Subsection (d) actually directly states the policy of the State of Georgia in cases involving the custody of the child: “[i]t is the express policy of this state to encourage that a child has continuing contact with parents and grandparents who have shown the ability to act in the best interest of the child and to encourage parents to share in the rights and responsibilities of raising their child after such parents have separated or dissolved their marriage or relationship.”
However, such a strongly-worded statute requires guidelines and rules to give it effect. The Uniform Superior Court Rules in Georgia provide this. Uniform Superior Court Rule 24.9 addresses the appointment, required qualifications, and duties of a Guardian Ad Litem. The Rule appears to speak plainly:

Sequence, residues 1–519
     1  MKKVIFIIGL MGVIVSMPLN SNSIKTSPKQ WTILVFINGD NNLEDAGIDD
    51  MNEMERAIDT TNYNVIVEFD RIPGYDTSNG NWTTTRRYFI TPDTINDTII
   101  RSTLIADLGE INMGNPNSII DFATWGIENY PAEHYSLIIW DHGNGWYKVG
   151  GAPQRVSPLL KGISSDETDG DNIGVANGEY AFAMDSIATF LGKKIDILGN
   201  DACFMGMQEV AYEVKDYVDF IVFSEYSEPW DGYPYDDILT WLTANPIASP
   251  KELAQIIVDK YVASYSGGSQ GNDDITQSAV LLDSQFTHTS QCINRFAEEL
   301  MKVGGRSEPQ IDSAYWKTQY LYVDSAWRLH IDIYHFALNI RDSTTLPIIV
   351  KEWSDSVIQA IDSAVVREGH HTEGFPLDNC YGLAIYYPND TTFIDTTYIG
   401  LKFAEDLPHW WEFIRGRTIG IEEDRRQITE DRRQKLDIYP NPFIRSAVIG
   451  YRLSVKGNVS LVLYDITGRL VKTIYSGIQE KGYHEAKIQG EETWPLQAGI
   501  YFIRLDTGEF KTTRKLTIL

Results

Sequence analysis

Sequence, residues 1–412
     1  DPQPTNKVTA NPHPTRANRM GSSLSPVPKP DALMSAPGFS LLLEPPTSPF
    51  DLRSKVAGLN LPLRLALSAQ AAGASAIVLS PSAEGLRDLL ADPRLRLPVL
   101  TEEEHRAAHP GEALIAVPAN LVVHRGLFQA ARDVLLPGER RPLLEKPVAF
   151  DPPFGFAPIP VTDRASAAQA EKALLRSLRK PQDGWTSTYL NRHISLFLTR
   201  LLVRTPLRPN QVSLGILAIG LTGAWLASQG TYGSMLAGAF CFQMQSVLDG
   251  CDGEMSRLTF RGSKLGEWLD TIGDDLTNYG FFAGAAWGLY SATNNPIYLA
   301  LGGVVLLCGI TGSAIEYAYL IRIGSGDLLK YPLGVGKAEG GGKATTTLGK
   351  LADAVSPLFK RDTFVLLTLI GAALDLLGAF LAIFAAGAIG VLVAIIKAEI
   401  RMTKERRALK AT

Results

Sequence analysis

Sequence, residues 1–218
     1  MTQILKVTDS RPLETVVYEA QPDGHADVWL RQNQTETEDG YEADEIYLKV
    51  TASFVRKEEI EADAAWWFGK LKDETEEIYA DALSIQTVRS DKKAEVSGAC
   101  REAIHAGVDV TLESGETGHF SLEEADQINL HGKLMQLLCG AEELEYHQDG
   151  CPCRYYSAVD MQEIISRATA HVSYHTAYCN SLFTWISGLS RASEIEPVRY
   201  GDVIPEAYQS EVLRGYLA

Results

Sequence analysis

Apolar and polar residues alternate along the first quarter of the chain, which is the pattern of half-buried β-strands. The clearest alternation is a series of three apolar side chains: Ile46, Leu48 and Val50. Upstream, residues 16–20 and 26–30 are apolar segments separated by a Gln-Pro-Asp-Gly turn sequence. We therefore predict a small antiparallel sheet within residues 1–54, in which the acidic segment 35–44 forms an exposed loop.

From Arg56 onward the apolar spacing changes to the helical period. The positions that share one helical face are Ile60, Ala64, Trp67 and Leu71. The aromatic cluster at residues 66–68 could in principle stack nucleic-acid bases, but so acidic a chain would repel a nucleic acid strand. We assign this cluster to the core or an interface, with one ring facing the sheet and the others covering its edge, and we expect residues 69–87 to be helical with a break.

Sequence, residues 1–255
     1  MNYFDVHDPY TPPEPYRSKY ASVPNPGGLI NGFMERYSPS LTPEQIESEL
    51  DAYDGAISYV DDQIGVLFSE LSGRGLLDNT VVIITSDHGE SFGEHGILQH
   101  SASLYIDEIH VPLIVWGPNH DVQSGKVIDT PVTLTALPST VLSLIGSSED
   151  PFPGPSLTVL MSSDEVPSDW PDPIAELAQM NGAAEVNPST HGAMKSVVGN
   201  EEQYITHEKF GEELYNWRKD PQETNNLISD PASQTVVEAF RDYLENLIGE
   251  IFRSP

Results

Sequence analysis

The Guardian ad Litem (“GAL”) is appointed to assist in a domestic relations case by the superior court judge assigned to hear that particular case, or otherwise having the responsibility to hear such case. The appointing judge has the discretion to appoint any person as a GAL so long as the person so selected has been trained as a GAL or is otherwise familiar with the role, duties, and responsibilities as determined by the judge. The GAL may be selected through an intermediary.